Ambulatory Walking Epidural
What is a walking epidural?
Ambulatory walking epidurals are a pain relief used during labour which enables you to keep the sensation in your legs in order to effectively mobilise and walk around. The walking epidural is still able to act as an effective form of pain relief and uses regional anaesthetic.
The pain relief drugs are injected around the nerves that carry signals from the area around which pain is felt during labour. In walking epidurals you will need monitoring and support from the hospital to ensure you are safe when moving around during labour.
The main aim of the walking epidural is to keep you calm and provide an effective form of pain relief; however, many women benefit from immobilising themselves as they are able to identify when to push. Walking epidurals use a low dose of drugs, normally a combination of local anaesthetics and painkillers.
Walking epidurals are not offered in home births and are only available in selected hospitals. This is due to the additional trained staff that are needed when a mother has a walking epidural. Those that do offer walking epidurals have established procedures to ensure the safety of the mother and baby at all times.
Walking epidurals only numb the mother’s abdominal nerves. This enhances comfort and allows for the mother to walk around the delivery room. Not all mothers who have the walking epidural do physically walk around, but they do feel more comfortable in being mobile.
What does the walking epidural procedure involve?
Walking epidurals use the same method of low dose drugs and anaesthetic as the normal epidural, though they are used to only numb the abdominal nerves. When the spinal needle is positioned through the epidural the pain relief will then be passed through it.
When the walking epidural is applied the mother should start to feel the difference within one or two minutes. The spinal needle is then taken out while the epidural needle is left in the same location. A catheter will be applied through the remaining epidural needle and held to the patients back using tape.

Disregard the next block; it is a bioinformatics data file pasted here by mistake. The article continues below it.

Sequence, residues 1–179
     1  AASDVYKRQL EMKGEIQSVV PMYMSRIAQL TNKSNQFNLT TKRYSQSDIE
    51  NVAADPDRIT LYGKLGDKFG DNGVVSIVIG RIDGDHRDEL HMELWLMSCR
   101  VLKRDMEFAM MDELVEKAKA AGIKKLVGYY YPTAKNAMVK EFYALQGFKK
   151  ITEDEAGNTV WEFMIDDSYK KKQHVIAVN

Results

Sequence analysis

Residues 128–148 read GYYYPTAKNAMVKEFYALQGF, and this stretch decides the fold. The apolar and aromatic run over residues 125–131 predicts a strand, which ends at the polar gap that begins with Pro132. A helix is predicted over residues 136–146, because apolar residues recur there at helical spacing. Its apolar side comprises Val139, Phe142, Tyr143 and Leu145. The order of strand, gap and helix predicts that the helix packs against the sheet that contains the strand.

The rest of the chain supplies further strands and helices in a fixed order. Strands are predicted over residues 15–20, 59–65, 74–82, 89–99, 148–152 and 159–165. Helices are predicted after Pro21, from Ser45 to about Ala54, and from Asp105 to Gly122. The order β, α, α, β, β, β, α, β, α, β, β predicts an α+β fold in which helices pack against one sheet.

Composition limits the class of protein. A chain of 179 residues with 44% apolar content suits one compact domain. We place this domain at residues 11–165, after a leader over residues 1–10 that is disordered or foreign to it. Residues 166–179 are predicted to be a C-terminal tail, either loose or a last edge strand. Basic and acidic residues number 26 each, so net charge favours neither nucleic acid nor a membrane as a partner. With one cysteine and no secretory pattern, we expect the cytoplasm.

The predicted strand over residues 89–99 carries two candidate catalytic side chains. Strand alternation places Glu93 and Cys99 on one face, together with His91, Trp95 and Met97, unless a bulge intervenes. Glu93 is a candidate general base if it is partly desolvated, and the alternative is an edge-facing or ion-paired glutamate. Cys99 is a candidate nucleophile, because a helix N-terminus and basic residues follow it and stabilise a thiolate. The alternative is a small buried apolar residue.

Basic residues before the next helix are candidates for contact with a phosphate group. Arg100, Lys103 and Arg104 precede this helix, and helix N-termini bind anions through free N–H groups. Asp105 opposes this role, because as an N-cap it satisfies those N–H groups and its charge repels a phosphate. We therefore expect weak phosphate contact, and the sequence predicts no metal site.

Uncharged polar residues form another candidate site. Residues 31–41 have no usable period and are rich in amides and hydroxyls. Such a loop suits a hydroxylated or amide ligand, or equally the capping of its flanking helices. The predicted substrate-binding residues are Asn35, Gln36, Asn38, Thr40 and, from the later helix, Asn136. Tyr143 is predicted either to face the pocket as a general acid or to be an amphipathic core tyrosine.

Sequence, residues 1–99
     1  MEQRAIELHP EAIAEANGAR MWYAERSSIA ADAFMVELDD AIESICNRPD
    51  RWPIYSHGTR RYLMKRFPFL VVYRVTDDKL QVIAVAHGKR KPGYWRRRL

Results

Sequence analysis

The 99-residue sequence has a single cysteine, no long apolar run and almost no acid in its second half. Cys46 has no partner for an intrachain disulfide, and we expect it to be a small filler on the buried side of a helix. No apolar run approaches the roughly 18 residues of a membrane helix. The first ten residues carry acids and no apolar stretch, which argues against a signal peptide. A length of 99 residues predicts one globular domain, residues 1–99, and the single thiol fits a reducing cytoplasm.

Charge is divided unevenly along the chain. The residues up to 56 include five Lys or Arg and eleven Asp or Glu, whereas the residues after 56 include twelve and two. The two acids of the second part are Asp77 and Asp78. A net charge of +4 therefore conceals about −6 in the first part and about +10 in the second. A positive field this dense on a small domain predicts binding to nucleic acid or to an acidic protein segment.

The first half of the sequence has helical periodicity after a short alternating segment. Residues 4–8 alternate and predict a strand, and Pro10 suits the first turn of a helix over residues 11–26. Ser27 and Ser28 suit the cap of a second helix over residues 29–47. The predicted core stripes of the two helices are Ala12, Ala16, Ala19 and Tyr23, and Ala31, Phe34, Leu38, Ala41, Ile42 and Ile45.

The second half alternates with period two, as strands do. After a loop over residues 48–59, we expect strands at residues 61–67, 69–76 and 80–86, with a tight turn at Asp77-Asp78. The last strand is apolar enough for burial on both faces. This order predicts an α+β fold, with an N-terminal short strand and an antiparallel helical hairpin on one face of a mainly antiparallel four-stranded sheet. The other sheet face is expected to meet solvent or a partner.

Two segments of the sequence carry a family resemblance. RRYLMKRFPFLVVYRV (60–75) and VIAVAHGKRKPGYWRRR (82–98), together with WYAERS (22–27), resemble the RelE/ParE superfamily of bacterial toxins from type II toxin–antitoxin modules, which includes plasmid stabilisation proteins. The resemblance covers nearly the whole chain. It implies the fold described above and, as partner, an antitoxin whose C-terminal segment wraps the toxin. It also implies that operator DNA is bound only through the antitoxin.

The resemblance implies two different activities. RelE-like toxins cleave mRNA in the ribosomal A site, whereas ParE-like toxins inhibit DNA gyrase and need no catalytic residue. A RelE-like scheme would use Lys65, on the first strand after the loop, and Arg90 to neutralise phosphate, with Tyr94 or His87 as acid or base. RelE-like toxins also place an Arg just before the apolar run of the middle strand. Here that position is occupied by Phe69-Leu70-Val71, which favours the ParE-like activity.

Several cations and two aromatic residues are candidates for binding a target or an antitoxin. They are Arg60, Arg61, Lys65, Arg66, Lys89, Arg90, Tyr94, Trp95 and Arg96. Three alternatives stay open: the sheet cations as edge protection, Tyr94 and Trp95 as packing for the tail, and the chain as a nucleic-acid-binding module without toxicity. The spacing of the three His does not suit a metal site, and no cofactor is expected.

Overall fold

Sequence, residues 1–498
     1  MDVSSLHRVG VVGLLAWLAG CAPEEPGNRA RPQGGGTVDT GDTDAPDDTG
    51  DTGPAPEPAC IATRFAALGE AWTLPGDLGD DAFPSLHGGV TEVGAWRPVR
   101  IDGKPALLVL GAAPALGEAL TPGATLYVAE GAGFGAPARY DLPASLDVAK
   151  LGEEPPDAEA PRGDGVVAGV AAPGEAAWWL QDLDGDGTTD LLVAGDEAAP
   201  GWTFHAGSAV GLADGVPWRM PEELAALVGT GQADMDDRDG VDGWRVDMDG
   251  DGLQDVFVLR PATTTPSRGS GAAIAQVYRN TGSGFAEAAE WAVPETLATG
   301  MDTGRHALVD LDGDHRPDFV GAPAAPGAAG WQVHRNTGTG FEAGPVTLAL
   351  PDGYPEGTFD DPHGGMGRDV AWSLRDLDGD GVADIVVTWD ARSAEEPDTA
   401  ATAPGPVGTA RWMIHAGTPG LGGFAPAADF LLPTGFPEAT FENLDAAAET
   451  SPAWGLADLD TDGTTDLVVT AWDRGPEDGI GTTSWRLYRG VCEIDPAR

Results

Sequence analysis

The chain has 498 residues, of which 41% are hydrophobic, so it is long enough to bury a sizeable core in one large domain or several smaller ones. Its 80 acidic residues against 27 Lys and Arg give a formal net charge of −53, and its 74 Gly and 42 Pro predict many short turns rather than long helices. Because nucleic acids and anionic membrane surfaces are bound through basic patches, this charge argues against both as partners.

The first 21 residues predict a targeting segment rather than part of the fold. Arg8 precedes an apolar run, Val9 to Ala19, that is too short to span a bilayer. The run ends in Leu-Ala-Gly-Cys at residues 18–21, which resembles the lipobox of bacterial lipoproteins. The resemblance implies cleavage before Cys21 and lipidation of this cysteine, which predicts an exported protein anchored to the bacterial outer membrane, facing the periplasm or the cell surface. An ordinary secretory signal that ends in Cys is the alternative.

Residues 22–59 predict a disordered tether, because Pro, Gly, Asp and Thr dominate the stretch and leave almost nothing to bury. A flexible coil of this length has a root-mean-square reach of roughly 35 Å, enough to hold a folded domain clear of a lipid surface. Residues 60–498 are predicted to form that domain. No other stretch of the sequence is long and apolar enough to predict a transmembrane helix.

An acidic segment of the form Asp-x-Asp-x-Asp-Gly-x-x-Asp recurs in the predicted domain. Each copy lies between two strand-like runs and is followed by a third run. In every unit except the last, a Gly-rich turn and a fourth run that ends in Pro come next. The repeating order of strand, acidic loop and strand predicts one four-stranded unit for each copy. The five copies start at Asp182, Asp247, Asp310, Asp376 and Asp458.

The walking epidural should start to come into affect fairly quickly but you will still be mobile to walk and move around and feel the sensation in your legs. Your blood pressure will be observed by a trained member of staff assisting with your labour. Your muscle strength will likely need to be tested before you are allowed to walk around, as everybody responds in a different way to medication. In some circumstances the mother may be unable to mobilise themselves, even after the walking epidural is applied.
What are the advantages of a walking epidural?
Many women find the walking epidural effective in providing them with the sensation they need to move about during labour, but which also gives them effective pain relief. Below are some advantages of the walking epidural:
- Many mothers feel in control of their body when they have the walking epidural.
- The walking epidural allows mothers to identify when to push effectively.
- Many mothers feel mobile and therefore more comfortable during labour.
- Women are able to regulate their own dosage, giving themselves more pain-relief medication if necessary.
- The walking epidural has minimal risks to both mother and baby in comparison to other forms of pain relief.
- Mobility promotes contractions to effectively speed up the labour.
- There are specialist staff to assist you when having a walking epidural to closely monitor its effects.
- It takes around 20 minutes to set up and works quickly and effectively.
- It helps to lower blood pressure.
What are the disadvantages of a walking epidural?
There are certain disadvantages concerning the walking epidural that need to be considered:
- You may suffer from headaches depending on how your body reacts to the walking epidural.
- In some cases the walking epidural is does not allow the woman to walk unaided and assistance may be required.